Federal Employees Injured On The Job: Third-Party Claims
Office of the Solicitor General Letter
If you are an employee of the United States Government (USPS for example) and get injured on the job (as the result of a third-party’s negligence), chances are you will receive a letter from the U.S. Department of Labor, Office of the Solicitor General, talking about a Third-Party Claim.
The letter explains that under FECA (5 U.S.C. 8131 and 8132, you are required to pursue a claim against the third-party responsible for your injuries. Any money recovered in a subsequent lawsuit or settlement will be used to reimburse the government for expenses they incurred as a result of your injury (temporary disability payments, medical treatment, etc.).
What does this mean? If you were injured while working, and the responsible party is someone other than the United States, you are required to pursue a claim against that party. In practice, this would involve calling the third-party’s insurance company and negotiating a settlement, or hiring an attorney to do so on your behalf.
Examples of Third-Party Claims
You were involved in a vehicular accident and the “other driver” was at fault.
You were attacked by a dog while delivering mail.
You injured yourself on a homeowner’s property due to some hazard hidden from plain sight.
FECA Benefits Jeopardized
Do not ignore the letter! Doing so could result in the loss of your FECA benefits. If you decide to pursue a claim on your own (or your claim is rejected by attorneys as too small), contact the Solicitor General before accepting any offer, even if it is larger than the benefits the government paid out on your behalf. It always better to be on the safe side when it comes to Uncle Sam.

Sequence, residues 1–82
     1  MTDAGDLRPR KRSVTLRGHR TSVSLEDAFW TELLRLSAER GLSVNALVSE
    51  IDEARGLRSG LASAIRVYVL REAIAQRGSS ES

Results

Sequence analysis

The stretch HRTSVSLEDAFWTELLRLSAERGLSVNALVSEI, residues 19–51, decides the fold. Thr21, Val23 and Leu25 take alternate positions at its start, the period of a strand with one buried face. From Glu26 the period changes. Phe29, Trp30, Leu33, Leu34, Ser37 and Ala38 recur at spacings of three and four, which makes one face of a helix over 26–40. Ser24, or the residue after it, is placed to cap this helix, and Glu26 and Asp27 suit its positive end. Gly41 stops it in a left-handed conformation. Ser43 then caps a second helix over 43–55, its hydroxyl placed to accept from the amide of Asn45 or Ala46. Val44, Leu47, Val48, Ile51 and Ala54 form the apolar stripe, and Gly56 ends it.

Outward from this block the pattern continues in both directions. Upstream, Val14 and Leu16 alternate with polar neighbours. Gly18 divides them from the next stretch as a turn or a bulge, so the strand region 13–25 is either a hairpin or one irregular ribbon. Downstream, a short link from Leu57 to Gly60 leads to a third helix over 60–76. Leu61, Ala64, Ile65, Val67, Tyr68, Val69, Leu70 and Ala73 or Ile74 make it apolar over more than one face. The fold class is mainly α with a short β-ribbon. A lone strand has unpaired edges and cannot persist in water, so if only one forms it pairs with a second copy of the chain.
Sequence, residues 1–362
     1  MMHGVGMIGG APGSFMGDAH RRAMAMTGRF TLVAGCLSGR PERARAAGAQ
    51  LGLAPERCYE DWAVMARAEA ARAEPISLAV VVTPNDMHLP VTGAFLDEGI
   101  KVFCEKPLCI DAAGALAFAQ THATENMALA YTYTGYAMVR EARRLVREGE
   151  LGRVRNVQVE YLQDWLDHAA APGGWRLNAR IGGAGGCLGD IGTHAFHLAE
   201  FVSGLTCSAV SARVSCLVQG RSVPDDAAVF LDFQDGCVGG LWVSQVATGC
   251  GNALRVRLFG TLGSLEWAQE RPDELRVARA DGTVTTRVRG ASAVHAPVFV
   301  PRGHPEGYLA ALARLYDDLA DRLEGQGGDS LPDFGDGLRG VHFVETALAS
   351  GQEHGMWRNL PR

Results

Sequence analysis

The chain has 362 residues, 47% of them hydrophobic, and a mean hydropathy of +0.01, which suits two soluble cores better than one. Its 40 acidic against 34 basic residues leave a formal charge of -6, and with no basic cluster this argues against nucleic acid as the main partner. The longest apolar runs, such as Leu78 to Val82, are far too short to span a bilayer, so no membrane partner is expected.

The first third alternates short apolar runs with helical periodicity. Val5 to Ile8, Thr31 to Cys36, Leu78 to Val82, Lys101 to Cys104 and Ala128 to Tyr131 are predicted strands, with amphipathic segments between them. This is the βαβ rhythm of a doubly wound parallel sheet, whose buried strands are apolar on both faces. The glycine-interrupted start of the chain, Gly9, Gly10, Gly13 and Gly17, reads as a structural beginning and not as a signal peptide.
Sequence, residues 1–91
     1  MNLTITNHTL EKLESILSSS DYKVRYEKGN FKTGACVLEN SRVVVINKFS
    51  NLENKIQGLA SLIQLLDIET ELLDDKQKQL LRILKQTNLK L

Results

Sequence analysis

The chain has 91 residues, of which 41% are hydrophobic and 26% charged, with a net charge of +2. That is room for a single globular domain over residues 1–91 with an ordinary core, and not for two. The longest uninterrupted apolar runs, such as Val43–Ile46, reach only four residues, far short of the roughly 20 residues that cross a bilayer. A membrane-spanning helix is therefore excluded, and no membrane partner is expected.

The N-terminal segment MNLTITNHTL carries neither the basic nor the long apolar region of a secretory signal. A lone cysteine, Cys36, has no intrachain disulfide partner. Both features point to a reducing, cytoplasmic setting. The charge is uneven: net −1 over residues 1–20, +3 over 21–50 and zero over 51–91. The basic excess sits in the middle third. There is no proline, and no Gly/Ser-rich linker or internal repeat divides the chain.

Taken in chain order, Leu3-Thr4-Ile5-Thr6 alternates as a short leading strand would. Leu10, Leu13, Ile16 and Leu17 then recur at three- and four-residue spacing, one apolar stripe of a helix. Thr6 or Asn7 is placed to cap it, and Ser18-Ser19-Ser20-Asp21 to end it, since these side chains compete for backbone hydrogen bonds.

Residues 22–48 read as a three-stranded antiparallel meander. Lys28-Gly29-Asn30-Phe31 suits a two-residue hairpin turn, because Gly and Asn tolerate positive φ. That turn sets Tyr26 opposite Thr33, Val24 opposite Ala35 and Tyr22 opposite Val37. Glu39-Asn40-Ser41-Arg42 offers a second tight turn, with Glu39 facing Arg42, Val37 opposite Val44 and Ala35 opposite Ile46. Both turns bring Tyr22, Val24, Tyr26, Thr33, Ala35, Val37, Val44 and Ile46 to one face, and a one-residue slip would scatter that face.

Benefits of Pursuing a Claim
It is often the case that personal injury awards are larger than workers’ compensation awards. For example, dog bites generally do not cause permanent loss of use in the affected body part, thereby minimizing any workers’ compensation settlement. However, dog bites frequently cause permanent scarring and emotional distress. Any scarring resulting from a dog bite (especially scarring on women) is worth a great deal in a personal injury case—and justifiably so.
Even though the federal government must be repaid, there is generally plenty of money left over for the injured party.
Contact For a Free Consultation
You are required to pursue a claim, so you might as well call or email and I will provide you with free advice. In some instances there is no claim to pursue (for example: the statute of limitations bars recovery) and I am happy to assist you in preparing a letter to send the Solicitor General (for free). Do not procrastinate. Doing so could (1) jeopardize your FECA benefits and (2) require you to reimburse the government everything they paid on your behalf.